Here are some of the latest health and medical news developments, compiled by the editors of HealthDay:
Saliva Test May Spot Depression Risk in Male Teens
A simple saliva test might one day spot which teenaged boys are most likely to develop major depression later in life, British researchers report.
After testing both boys and girls who had been diagnosed with mild depression, the researchers found that boys with high levels of a stress hormone called cortisol were 14 times more likely to be diagnosed with clinical depression later, according to the Associated Press.
Girls with high cortisol levels were only four times more likely to receive such a diagnosis during the course of the study, the AP reported.
At this point in time, there is no biological way to measure depression risk, the news service reported.
"This is the emergence of a new way of looking at mental illness," study co-author Joe Herbert, of the University of Cambridge, told reporters during a Monday news conference. "You don't have to rely simply on what the patient tells you, but what you can measure inside the patient."
In the study, published online Monday in the Proceedings of the National Academy of Sciences, saliva samples were collected from more than 1,800 children aged 12 to 19. The teens were also questioned about depression symptoms, and all were followed for at least three years.
Experts told the AP that male and female hormones might react differently to cortisol, and that might explain the stronger correlation between the hormone and depression risk in males.
Number of Fertility Treatment Babies in U.S. Increasing
A record number of babies born in the United States in 2012 were conceived using fertility treatment, according to a new study.
In vitro fertilization (IVF) led to the birth 61,740 babies that year, which was 1.5 percent of all births in the nation. There were 2,000 more IVF-associated births in 2012 than in 2011, the Associated Press reported.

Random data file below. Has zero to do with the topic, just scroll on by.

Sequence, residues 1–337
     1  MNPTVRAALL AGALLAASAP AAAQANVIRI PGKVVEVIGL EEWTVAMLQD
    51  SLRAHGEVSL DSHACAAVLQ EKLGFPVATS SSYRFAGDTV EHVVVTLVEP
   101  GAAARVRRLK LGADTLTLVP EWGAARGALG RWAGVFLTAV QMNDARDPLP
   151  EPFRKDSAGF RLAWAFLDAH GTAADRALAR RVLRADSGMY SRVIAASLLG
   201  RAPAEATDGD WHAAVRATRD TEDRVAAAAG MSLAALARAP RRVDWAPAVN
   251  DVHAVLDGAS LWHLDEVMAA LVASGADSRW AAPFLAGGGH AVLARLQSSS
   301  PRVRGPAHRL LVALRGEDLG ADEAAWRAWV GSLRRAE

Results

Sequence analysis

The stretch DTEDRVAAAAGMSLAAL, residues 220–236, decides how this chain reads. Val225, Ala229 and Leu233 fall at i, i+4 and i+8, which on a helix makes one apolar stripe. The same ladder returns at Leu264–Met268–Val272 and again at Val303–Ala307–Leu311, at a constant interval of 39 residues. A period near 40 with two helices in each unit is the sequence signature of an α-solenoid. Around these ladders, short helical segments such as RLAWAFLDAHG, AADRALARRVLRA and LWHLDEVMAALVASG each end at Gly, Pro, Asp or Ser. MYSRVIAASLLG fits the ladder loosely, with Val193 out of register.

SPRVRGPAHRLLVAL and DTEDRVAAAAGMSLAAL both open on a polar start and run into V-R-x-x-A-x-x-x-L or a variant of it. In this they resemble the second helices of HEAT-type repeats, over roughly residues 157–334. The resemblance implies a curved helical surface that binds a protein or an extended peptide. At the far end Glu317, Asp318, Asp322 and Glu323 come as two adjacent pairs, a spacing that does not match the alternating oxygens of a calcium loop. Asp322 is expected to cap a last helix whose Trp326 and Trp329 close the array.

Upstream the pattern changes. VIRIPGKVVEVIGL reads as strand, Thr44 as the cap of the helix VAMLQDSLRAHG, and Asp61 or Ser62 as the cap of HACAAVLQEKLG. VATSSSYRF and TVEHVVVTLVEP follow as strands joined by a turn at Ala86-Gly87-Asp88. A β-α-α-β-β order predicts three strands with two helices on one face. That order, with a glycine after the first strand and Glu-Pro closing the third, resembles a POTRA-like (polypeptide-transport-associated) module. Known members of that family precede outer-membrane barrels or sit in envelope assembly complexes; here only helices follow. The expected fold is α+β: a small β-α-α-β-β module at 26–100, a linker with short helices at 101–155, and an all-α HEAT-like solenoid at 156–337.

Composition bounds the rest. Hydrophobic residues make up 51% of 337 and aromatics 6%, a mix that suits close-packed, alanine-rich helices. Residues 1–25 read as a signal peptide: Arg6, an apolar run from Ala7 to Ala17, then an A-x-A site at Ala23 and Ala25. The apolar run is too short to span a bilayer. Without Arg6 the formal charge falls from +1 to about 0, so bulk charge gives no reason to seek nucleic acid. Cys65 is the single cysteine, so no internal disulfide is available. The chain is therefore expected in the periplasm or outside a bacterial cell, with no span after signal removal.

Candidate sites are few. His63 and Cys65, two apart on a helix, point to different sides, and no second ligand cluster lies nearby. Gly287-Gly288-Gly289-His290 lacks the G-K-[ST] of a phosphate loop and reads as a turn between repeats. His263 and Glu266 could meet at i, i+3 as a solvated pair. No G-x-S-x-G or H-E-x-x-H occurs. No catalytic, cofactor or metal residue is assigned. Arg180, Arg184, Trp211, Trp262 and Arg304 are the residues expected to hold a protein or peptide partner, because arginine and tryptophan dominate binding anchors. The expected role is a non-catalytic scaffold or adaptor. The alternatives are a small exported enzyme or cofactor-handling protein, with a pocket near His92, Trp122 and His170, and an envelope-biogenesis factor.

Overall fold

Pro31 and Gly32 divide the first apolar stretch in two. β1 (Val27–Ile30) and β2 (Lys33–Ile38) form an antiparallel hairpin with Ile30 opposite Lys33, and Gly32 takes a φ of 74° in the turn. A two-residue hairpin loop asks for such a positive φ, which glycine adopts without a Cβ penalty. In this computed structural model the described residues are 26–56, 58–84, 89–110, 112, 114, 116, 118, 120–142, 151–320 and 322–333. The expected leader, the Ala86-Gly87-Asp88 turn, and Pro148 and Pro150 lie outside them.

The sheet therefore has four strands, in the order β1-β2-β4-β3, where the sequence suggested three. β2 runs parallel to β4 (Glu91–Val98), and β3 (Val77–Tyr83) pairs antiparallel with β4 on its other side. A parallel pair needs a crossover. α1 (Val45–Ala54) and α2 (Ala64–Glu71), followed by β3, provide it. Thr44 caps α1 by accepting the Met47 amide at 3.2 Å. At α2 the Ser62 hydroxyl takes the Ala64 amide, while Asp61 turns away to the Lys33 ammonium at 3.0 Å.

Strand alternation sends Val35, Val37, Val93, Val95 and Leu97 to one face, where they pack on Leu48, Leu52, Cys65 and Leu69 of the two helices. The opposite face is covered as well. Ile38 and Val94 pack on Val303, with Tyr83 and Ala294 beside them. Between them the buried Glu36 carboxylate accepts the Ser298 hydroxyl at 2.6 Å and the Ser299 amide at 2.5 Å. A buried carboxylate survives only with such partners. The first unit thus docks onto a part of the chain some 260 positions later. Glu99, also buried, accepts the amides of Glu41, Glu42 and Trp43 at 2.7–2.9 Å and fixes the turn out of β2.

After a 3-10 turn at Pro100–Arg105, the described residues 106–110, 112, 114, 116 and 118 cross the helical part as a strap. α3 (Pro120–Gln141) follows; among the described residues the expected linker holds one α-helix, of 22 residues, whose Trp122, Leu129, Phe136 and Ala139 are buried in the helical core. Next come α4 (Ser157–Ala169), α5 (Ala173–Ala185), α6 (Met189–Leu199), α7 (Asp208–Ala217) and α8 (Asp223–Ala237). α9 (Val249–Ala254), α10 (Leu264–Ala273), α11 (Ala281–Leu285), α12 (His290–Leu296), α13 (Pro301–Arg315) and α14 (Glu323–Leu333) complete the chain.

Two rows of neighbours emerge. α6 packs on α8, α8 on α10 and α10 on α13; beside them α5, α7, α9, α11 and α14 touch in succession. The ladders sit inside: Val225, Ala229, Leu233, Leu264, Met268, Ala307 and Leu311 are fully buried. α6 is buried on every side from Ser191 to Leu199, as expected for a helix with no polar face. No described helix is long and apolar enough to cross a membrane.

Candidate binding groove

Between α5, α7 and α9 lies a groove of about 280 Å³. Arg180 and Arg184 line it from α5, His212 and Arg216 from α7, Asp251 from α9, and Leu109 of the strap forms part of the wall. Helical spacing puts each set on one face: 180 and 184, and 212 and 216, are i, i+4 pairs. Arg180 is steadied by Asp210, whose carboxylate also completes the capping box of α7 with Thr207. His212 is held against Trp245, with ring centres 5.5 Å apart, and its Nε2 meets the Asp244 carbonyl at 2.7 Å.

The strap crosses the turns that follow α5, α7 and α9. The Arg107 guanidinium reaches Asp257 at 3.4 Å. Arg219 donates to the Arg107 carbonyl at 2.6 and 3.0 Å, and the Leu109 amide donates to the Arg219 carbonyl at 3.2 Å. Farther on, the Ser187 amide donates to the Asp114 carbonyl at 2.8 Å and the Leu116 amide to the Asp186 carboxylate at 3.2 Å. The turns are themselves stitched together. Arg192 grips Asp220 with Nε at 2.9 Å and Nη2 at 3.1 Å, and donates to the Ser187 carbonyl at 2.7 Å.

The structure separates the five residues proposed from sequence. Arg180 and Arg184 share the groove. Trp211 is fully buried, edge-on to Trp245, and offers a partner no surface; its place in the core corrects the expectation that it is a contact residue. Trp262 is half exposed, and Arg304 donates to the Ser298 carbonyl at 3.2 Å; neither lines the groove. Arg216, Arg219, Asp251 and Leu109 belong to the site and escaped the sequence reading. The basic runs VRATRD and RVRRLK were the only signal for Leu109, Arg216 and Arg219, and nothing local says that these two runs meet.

The Society for Assisted Reproductive Technology study also said that a growing number of women are using one embryo at a time in order to prevent multiple births, which can increase the risk of premature birth and other problems.
Four percent of women younger than 35 used single embryos in 2007, compared with 15 percent in 2012, the AP reported.
Scientists Grow Human Lungs in Lab
U.S. researchers who were the first to successfully grow human lungs in the lab say their breakthrough could eventually save the lives of people waiting for a lung transplant.
The team at the University of Texas Medical Branch in Galveston started with a damaged lung, ABC News reported.
"We removed all the cells, all the material in it, and just left the skeleton of the lung, or the scaffold, behind -- the pieces of the lungs that are not cells," team leader Dr. Joan Nichols explained. "And then we added back cells from another lung that couldn't be used for transplant but still had some viable cells in it."
The scientists grew their first human lungs in the lab last year and said they hope to transplant the first set of lab-grown lungs into animals this year or next, ABC News reported.
But it could be five to 10 years, or even longer, before it might be possible to use lab-grown lungs to save the lives of people who need new lungs, the scientists said.
Currently, more than 1,600 people in the United States are waiting for a lung transplant, ABC News reported.
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